bacteria, developmental biology, microbiology
Stem Cells Traced To Heart
Tia Ghose | Dec 1, 2011
New research suggests that a controversial class of stem cells originates in the heart and retains some ability to repair damaged tissue.
Astronaut Worms Return from Space
Jef Akst | Dec 1, 2011
After 6 months in orbit, Caenorhabditis elegans return to Earth—alive and well.
Frank Bradke: Privy to Axon Growth
Jef Akst | Dec 1, 2011
Full Professor and Senior Research Group Leader, German Center for Neurodegenerative Diseases. Age: 42
Eye of Newt
Richard P. Grant | Dec 1, 2011
Researchers find that newts are capable of regenerating body parts well into old age.
Newts' New Eyes
Richard P. Grant | Dec 1, 2011
Cut off a newt’s tail or a leg, or remove a lens from its eye, and it grows back. However, whether newts can continue to do this throughout their lives, or lose the ability as they get older, has remained a mystery.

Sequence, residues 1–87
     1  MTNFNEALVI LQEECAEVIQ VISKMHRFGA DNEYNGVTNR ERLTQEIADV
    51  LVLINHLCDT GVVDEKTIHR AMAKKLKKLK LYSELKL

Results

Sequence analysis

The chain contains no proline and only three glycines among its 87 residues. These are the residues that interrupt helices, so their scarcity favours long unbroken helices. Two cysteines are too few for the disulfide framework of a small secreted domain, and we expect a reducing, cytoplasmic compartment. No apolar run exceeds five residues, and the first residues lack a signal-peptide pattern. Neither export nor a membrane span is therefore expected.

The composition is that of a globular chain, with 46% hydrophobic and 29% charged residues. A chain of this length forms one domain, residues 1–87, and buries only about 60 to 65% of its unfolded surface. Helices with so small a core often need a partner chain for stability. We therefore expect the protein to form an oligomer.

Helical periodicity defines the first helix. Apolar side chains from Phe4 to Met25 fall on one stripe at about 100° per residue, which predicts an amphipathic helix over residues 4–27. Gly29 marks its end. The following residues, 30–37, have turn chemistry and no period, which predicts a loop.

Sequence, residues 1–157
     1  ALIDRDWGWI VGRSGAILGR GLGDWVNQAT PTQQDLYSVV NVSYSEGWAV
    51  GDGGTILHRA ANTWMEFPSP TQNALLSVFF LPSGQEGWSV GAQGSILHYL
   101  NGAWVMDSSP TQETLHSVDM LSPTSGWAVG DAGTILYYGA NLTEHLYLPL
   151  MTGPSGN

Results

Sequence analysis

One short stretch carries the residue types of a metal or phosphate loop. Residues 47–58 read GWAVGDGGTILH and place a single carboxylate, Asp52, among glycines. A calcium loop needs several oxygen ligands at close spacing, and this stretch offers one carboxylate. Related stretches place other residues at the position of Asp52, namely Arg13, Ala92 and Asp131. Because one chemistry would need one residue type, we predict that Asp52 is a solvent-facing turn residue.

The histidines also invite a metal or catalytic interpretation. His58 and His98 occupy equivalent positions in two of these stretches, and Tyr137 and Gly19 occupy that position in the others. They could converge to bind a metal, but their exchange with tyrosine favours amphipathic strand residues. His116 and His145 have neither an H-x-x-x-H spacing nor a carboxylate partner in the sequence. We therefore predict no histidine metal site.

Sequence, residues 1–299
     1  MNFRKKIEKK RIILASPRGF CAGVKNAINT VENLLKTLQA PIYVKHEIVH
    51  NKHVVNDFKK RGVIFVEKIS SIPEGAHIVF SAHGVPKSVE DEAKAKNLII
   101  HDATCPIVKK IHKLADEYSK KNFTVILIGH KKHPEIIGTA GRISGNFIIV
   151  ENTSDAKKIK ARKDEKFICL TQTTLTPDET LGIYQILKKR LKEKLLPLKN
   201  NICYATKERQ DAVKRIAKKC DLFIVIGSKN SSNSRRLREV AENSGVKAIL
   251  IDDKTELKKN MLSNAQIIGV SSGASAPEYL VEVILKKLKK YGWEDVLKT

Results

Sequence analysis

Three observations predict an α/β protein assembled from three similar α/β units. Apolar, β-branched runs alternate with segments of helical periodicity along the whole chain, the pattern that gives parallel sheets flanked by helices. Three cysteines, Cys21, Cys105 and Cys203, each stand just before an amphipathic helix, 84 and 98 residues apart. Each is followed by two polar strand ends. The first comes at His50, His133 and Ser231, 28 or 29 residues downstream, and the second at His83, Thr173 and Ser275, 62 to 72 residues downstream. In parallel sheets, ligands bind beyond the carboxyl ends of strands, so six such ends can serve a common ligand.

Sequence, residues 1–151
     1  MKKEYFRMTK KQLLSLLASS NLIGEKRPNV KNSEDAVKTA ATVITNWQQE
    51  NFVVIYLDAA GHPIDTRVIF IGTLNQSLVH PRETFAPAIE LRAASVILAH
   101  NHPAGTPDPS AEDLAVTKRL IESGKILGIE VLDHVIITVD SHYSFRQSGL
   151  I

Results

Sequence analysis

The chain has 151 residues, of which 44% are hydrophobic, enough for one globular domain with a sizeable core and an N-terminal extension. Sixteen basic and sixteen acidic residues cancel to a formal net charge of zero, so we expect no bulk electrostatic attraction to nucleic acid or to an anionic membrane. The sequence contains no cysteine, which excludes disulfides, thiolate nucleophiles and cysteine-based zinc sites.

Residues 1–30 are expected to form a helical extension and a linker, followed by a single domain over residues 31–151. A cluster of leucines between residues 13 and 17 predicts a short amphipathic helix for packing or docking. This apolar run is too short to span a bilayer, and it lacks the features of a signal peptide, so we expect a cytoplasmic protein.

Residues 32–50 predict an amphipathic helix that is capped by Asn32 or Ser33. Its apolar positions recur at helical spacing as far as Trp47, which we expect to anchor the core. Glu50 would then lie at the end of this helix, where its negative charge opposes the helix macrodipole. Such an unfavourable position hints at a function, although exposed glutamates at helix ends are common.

Flow Cytometry for the Masses
Richard P. Grant | Dec 1, 2011
Tagging antibodies with rare earth metals instead of fluorescent molecules turns a veteran technique into a high-throughput powerhouse.
Breaching the Wall
Rachel Nuwer | Dec 1, 2011
Editor’s choice in immunology
Top 7 in Evolutionary Biology
Jef Akst | Nov 29, 2011
A snapshot of the most highly ranked articles in evolutionary biology and related areas, from Faculty of 1000
Infection Selection
Ruth Williams | Nov 13, 2011
Scientists track changes in bacterial genomes during a hospital outbreak to discover potential pathogenesis genes.
Bacterial Identity Crisis
Cristina Luiggi | Nov 9, 2011
Researchers probe the genetics of a group of bacteria known to extensively swap DNA sequences with other species—blurring the species boundaries.